Your One and Only
Yitro (Exodus 18-20 )
Following his experience at the burning bush, Moshe went down to Egypt and led the Bnei Yisrael from there – and now in Parshat Yitro we read how, at long last, Moshe was reunited with his family: Tzipora and their children, Gershom and Eliezer. And how are the two sons described? “Shem ha’echad Gershom”, and then a few words later, “ve shem ha’echad Eliezer.” The name of one was Gershom and the name of one was Eliezer. Now, there’s something wrong here with the terminology:
Throughout the Torah, if you’ve got a list of more than one person, it’s ‘echad’ – one, and then ‘sheini’ – the second – such as in the list of the days of creation. So the Torah should have said, “Shem ha’echad Gershom; ve shem ha’sheini Eliezer” – Gershom was the first and Eliezer was the second. Why one and one?
I’d like to suggest that Moshe was acutely aware of what had transpired in the book of Bereishit. You could easily give a subtitle to Bereishit: “The Book of the dysfunctional family”. Just about every family written about in the book had problems with regard to relationships. There were deep divisions, hatred – even attempted fratricide.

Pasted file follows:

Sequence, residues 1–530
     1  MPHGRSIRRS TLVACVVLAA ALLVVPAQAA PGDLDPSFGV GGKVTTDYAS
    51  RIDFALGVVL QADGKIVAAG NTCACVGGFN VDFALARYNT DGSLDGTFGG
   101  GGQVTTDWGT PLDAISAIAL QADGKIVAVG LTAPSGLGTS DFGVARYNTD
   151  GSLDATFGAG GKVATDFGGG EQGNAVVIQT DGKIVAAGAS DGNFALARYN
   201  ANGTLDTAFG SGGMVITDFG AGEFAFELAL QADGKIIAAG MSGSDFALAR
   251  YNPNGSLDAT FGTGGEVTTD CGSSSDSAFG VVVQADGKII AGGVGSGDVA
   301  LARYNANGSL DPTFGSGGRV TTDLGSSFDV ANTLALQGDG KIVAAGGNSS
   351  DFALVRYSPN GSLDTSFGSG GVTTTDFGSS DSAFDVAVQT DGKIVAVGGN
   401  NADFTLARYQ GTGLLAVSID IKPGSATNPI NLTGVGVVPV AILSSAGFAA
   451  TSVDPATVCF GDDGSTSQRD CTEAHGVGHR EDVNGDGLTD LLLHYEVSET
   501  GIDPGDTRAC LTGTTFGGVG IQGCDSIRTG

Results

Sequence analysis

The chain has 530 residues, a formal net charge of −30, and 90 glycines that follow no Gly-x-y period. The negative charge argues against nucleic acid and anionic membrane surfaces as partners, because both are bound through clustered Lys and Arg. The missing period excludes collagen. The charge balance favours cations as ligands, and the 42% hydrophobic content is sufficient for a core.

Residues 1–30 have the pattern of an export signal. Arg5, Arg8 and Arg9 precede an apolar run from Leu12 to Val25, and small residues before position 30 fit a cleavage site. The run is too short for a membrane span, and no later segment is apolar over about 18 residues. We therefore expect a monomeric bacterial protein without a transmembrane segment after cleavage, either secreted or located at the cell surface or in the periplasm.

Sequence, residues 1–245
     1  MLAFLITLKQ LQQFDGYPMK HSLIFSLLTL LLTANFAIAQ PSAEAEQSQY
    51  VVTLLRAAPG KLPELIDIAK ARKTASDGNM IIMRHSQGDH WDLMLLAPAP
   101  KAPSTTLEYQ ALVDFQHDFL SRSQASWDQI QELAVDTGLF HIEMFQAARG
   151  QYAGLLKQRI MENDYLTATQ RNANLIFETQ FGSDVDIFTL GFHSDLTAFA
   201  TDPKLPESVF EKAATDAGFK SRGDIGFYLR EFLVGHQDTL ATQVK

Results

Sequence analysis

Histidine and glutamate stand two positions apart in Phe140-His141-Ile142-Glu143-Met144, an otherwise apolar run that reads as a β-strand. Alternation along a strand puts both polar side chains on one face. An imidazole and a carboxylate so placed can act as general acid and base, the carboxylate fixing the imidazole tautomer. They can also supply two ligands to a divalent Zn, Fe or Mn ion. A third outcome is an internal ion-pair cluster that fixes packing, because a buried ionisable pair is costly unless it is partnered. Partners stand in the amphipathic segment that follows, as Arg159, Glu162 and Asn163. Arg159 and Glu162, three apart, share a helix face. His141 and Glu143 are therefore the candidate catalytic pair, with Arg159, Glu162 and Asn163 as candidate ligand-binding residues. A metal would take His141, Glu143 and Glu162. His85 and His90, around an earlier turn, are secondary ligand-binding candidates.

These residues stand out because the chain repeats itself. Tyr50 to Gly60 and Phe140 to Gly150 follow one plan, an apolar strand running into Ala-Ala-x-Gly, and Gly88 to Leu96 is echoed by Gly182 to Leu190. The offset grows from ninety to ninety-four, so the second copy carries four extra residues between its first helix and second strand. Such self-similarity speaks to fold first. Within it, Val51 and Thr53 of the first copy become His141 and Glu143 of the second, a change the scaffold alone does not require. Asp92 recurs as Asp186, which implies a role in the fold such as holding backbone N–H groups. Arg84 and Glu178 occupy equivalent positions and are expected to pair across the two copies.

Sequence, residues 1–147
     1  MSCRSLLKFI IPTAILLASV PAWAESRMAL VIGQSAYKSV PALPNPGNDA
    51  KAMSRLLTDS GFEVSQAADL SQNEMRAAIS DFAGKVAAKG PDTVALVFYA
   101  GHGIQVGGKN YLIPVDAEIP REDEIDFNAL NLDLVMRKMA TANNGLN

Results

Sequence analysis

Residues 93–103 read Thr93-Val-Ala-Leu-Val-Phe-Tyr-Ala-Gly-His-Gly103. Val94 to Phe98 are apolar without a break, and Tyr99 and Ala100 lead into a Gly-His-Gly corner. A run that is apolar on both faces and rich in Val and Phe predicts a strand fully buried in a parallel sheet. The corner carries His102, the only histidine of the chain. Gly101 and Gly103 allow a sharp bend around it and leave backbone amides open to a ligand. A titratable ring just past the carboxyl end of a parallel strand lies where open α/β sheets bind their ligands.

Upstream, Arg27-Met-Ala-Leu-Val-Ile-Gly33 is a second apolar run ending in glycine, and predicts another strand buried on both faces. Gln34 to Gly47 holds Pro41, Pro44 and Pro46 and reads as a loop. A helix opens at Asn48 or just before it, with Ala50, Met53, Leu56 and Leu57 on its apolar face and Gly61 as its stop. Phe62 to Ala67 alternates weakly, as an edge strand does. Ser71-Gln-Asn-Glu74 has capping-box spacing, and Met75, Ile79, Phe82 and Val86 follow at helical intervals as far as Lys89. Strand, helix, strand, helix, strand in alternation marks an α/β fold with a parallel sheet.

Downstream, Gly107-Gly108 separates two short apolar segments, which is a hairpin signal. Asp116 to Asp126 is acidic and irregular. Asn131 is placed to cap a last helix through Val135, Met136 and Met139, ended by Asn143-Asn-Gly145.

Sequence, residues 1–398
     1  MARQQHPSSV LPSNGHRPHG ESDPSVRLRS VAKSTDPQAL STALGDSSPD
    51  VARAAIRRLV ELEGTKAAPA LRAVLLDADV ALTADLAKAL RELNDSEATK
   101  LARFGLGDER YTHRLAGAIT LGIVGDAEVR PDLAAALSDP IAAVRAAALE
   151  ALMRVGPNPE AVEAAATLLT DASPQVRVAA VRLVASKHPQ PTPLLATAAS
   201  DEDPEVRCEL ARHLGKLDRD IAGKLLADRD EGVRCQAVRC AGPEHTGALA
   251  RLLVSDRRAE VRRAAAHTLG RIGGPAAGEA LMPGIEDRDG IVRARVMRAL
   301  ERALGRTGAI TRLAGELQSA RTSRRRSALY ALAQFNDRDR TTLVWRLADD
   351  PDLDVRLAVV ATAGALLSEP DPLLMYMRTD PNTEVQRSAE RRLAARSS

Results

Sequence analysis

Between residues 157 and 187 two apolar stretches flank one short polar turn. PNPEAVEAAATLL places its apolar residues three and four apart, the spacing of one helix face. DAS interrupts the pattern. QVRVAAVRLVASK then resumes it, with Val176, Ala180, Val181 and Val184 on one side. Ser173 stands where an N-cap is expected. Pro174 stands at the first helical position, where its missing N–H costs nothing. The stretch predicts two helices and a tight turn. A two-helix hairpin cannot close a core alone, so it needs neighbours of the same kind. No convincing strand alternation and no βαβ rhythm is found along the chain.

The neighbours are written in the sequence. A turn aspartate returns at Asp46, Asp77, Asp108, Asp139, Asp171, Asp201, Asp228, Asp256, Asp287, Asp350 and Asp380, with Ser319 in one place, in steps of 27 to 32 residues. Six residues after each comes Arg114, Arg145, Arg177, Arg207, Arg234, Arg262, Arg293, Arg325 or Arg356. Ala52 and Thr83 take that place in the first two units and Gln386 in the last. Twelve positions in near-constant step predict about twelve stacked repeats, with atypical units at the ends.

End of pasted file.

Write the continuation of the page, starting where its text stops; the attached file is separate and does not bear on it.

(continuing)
Now Moshe and Tzipporah were raising their own family and they realized that at the heart of the issues in sefer Bereishit was the question of seniority. Who was the bachur, the firstborn? Who had greater rights and who was in a secondary position?
They didn’t want that type of thing for their children. Moshe and Tzipporah, in their own family unit, wanted to recognise that each one of their children would be somebody special in his own right. There wouldn’t be a number one and a number two.
Rather, “Shem ha’echad Gershom” – Gershom, for them, was the one and only. “Ve shem ha’echad Eliezer” and Eliezer too, was the one and only Eliezer.
The message for us, in raising our families today, is that there are enough problems out there, in terms of relationships and tensions. In our family units, let our children know that each and every one of them is a special person in his or her own right.
Every single one is an ‘echad’ – a one and only.